Italy Knox verdict definitive says ECHR

Breached defence rights in Kercher questioning

(ANSA) - Strasbourg, June 25 - Italy's guilty verdict for violating the defence rights of Amanda Knox became definitive on Tuesday, the European Court of Human Rights said.
    A panel rejected Italy's plea to send the case to the ECHR's Grande Chambre.
    The ECHR ruled on January 24 that Italy violated Knox's defence rights when she was questioned in November 2007 in relation to the murder in Perugia of her British flat mate Meredith Kercher.
    It ordered the Italian State to pay a total of over 18,000 euros in damages and legal costs.
    The court also ruled, however, that it did not have any evidence to show that Knox had been subjected to the mistreatment she had complained about.
    "The Court took the view that the Italian Government had not succeeded in showing that the restriction of Ms Knox's access to a lawyer, at the police interview of 6 November 2007 at 5.45 a.m. - when there was a criminal charge against her - had not irreparably undermined the fairness of the proceedings as a whole," a statement read.
    Knox said she hoped the ruling "will be the last legal affair linked to this story".
    The American former exchange student in Perugia was informed of the decision by her lawyer via Skype to her home in Seattle, where she almost broke into tears at the verdict.
    Lawyer Carlo della Vedova said Knox's conviction and eventual acquittal in the death of her housemate was "the biggest mistake in Italian judicial history in 50 years, also considering the media clamour aroused by the affair".
    "Huge damage was done to this girl," he said.
    In a long post on her website, Knox repeated that she had been questioned for 53 years without a lawyer or interpreter, and had been slapped on the head while police shouted "Remember!" at her.
    She said she and former Italian boyfriend Raffaele Sollecito, who was also convicted and later cleared, had been subjected to "psychological torture and abuse".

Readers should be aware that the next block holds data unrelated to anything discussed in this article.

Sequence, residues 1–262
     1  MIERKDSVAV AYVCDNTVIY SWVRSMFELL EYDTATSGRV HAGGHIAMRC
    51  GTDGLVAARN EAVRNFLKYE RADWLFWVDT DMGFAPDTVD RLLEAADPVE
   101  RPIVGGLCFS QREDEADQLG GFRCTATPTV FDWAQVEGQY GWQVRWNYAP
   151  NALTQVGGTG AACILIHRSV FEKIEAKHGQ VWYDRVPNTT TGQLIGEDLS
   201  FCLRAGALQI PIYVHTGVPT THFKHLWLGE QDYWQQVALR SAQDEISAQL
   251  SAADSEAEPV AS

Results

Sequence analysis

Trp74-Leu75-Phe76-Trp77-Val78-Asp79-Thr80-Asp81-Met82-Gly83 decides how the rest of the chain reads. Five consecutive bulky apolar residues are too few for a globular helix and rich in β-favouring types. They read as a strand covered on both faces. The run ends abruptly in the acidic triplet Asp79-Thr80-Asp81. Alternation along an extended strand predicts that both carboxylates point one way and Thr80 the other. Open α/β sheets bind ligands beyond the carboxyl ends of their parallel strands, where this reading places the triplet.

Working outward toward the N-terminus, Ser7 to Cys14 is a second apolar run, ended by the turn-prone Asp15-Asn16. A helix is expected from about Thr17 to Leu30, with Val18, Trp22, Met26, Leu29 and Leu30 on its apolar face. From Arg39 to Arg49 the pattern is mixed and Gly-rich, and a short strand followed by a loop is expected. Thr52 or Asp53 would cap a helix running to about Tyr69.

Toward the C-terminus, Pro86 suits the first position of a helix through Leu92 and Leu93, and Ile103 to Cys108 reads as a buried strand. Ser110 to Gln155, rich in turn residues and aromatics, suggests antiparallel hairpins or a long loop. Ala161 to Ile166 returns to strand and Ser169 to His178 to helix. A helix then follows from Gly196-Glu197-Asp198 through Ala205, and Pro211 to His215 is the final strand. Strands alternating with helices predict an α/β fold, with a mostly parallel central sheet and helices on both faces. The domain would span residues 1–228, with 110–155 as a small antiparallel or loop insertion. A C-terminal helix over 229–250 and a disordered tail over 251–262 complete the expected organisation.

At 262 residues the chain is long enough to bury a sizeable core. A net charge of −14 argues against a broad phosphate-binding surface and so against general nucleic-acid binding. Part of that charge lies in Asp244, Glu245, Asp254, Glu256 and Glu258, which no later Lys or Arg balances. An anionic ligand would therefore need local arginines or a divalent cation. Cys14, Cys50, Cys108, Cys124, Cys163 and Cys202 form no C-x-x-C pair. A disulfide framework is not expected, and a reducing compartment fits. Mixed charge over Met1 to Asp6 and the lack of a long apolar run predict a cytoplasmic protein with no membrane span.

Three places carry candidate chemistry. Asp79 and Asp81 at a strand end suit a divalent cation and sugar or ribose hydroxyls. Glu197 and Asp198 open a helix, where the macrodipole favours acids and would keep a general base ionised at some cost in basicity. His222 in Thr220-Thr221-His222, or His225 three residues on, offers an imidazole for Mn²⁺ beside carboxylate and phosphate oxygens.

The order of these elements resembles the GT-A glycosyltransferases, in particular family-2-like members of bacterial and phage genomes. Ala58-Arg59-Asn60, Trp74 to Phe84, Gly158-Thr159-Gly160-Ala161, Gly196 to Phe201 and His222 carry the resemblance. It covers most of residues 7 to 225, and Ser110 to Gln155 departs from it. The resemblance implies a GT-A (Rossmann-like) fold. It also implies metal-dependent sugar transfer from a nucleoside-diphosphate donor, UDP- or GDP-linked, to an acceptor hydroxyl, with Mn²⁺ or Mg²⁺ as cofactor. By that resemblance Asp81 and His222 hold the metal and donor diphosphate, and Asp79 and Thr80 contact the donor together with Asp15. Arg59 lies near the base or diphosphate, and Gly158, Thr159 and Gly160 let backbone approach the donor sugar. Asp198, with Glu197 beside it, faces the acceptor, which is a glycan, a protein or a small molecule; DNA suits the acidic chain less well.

While finding that her defence rights were violated, the ECHR found that "it did not have any evidence to show that Ms Knox had been subjected to the inhuman or degrading treatment of which she had complained".
    It did not deal with Knox's complaint against a conviction for allegedly smearing an innocent man, Perugia bar manager Patrick Lumumba, for the crime.
    Knox has always said her pointing the finger at Lumumba was a result of her allegedly violent and exhausting questioning by police.
    Lumumba spent two weeks in jail before being released.
    On November 2, 2017, 10 years after Kercher's death, Knox said she still misses her British former flatmate.
    "Ten years ago tonight, my friend was raped and murdered by a burglar when she was home alone in the apartment we shared while studying abroad in Perugia, Italy," Knox wrote in a piece published by
    "I hate it that my memories of her are buried beneath the years of suffering Raffaele and I endured in the wake of her murder. And it's depressing to know that mourning her comes at the price of being criticized for anything I say or don't say today. But most depressing of all is that Meredith isn't here, when she deserves to be. She is painfully missed by everyone who loved her. I miss her, and I'm grateful for the memories of our time together".
    The 31-year-old American was accused of murdering British exchange student Kercher together with her then boyfriend Sollecito in Perugia on November 1, 2007.
    The pair were arrested five days later and convicted by a court of first instance, but this conviction was subsequently overturned.
    The appeal sentence was then thrown out by the Court of Cassation, Italy's supreme court, which ordered a new trial on appeal leading to their re-conviction in 2014.
    Knox and Sollecito were eventually acquitted definitively by the supreme court the following year.
    An Ivorian, Rudy Guede, was convicted of the murder in a separate fast-track trial and is serving a 16-year sentence.
    Knox recently returned to Italy for the first time since her 2011 acquittal and spoke about miscarriages of justice in a northern Italian conference.
    Kercher's family said her appearance there had been "inappropriate".